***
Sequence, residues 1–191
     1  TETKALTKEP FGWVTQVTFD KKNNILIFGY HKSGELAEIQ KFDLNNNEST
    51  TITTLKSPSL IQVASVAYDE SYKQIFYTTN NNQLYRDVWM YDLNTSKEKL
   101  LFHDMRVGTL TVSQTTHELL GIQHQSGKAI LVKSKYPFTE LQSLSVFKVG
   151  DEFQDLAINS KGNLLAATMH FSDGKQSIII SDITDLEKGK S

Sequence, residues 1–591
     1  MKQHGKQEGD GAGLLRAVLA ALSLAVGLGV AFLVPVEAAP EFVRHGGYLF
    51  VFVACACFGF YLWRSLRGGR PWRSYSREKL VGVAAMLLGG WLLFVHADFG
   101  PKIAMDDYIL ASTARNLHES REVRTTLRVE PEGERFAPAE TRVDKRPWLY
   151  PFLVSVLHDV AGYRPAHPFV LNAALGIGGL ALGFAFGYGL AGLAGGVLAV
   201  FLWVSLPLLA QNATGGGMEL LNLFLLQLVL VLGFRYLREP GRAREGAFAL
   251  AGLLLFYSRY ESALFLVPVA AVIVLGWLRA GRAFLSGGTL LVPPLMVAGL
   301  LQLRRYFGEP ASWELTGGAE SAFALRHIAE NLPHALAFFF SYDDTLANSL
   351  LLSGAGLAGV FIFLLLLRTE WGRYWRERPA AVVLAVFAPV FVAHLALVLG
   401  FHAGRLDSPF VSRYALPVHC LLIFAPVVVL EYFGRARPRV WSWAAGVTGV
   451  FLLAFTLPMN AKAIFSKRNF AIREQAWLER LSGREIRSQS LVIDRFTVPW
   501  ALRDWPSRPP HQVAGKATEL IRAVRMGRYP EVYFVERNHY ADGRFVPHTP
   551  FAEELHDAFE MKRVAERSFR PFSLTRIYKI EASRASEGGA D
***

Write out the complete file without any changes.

Sequence, residues 1–191
     1  TETKALTKEP FGWVTQVTFD KKNNILIFGY HKSGELAEIQ KFDLNNNEST
    51  TITTLKSPSL IQVASVAYDE SYKQIFYTTN NNQLYRDVWM YDLNTSKEKL
   101  LFHDMRVGTL TVSQTTHELL GIQHQSGKAI LVKSKYPFTE LQSLSVFKVG
   151  DEFQDLAINS KGNLLAATMH FSDGKQSIII SDITDLEKGK S

Sequence, residues 1–591
     1  MKQHGKQEGD GAGLLRAVLA ALSLAVGLGV AFLVPVEAAP EFVRHGGYLF
    51  VFVACACFGF YLWRSLRGGR PWRSYSREKL VGVAAMLLGG WLLFVHADFG
   101  PKIAMDDYIL ASTARNLHES REVRTTLRVE PEGERFAPAE TRVDKRPWLY
   151  PFLVSVLHDV AGYRPAHPFV LNAALGIGGL ALGFAFGYGL AGLAGGVLAV
   201  FLWVSLPLLA QNATGGGMEL LNLFLLQLVL VLGFRYLREP GRAREGAFAL
   251  AGLLLFYSRY ESALFLVPVA AVIVLGWLRA GRAFLSGGTL LVPPLMVAGL
   301  LQLRRYFGEP ASWELTGGAE SAFALRHIAE NLPHALAFFF SYDDTLANSL
   351  LLSGAGLAGV FIFLLLLRTE WGRYWRERPA AVVLAVFAPV FVAHLALVLG
   401  FHAGRLDSPF VSRYALPVHC LLIFAPVVVL EYFGRARPRV WSWAAGVTGV
   451  FLLAFTLPMN AKAIFSKRNF AIREQAWLER LSGREIRSQS LVIDRFTVPW
   501  ALRDWPSRPP HQVAGKATEL IRAVRMGRYP EVYFVERNHY ADGRFVPHTP
   551  FAEELHDAFE MKRVAERSFR PFSLTRIYKI EASRASEGGA D